A. SCCM introduced the native security model. It's for client-server communications and provides a higher level of security through public key infrastructure (PKI) and Secure Sockets Layer (SSL) encryption for nearly all communications (except for certain distribution-point and fallback-status-point communications). Policies and other sensitive communications are signed using a PKI certificate. Microsoft Systems Management Server (SMS) 2003 mixed security mode uses a self-signed certificate.
It’s important to note that native mode affects only client-to-server communications and not server-to-server communications. To protect server-to-server communications, use IPsec. Also, a native-mode site can’t be a mixed-mode child site.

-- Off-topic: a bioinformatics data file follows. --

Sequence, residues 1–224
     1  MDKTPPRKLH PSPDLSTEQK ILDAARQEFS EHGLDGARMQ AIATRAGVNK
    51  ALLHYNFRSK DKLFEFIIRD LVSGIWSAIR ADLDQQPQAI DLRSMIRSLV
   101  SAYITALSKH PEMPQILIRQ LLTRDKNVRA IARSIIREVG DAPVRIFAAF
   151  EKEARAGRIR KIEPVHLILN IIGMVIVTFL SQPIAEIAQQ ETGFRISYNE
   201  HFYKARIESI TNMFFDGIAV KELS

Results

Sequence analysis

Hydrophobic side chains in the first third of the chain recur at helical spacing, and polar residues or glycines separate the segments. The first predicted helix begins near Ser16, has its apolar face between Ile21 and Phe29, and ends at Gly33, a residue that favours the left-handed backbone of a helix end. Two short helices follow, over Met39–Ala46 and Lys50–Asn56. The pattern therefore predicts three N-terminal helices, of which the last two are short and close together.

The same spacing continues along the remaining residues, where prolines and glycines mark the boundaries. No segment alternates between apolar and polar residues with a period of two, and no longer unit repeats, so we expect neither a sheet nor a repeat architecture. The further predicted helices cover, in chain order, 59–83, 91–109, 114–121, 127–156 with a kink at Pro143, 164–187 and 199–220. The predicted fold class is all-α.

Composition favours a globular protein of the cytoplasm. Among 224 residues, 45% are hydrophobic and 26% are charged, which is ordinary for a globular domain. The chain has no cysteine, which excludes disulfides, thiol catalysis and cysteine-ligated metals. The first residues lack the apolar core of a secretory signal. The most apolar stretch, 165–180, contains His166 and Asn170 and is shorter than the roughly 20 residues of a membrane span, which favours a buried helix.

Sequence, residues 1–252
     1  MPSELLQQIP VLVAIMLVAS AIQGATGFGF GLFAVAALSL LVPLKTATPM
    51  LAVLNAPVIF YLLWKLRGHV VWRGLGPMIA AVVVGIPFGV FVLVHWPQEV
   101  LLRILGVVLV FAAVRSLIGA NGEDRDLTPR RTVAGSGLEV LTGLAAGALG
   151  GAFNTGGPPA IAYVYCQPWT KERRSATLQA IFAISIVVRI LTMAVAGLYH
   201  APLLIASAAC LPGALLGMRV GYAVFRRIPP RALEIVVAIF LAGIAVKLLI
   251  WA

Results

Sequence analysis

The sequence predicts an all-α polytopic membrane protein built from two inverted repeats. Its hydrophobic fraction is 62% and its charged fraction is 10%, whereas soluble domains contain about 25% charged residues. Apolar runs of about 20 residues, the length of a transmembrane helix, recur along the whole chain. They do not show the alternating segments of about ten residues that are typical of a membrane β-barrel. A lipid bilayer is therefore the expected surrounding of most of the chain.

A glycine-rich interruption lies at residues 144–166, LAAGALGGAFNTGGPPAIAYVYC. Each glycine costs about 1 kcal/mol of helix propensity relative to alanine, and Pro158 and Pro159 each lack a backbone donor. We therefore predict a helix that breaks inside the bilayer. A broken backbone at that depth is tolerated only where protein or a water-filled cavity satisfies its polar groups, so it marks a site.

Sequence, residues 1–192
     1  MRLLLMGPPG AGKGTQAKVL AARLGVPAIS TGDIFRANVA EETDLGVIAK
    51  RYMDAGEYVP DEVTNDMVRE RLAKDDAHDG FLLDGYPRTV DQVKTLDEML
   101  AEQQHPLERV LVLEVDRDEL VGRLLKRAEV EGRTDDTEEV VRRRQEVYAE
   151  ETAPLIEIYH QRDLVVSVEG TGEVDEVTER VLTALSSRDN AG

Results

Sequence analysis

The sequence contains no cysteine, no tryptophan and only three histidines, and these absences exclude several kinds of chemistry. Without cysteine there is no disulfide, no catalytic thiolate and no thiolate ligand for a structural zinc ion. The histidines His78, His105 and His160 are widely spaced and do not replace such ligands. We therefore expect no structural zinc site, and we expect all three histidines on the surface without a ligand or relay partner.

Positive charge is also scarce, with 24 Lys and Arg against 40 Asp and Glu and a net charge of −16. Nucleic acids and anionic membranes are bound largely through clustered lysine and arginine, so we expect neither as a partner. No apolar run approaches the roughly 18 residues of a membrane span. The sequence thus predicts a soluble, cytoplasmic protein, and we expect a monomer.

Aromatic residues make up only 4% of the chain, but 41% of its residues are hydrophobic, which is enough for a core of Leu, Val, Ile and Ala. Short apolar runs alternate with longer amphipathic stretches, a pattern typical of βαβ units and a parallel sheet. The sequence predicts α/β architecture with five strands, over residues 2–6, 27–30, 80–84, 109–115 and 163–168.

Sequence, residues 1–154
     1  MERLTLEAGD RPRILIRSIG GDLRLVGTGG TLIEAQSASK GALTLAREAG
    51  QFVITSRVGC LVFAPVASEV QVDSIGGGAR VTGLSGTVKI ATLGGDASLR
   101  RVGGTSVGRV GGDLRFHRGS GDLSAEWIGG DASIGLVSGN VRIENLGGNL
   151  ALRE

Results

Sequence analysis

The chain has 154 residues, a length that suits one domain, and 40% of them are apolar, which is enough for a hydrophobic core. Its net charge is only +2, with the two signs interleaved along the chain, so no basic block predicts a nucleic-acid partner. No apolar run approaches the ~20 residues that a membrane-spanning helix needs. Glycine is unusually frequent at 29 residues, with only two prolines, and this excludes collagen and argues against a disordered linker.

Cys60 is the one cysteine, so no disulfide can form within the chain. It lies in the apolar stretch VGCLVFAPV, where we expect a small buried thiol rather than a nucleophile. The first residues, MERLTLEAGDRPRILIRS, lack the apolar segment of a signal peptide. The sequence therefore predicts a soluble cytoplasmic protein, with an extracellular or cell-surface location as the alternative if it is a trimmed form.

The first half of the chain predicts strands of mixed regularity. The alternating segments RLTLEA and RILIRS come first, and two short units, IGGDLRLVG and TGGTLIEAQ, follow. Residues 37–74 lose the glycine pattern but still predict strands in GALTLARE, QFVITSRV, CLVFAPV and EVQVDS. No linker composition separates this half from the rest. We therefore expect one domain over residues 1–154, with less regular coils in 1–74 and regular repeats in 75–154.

There are four native-mode requirements:
- You must have a deployed PKI infrastructure in the organization
- DNS must be available and configured for clients to locate management points
- All clients must run the SCCM 2007 client. Native-mode sites don’t support SMS 2003 clients
- Native-mode sites also don’t support Windows-2000-based clients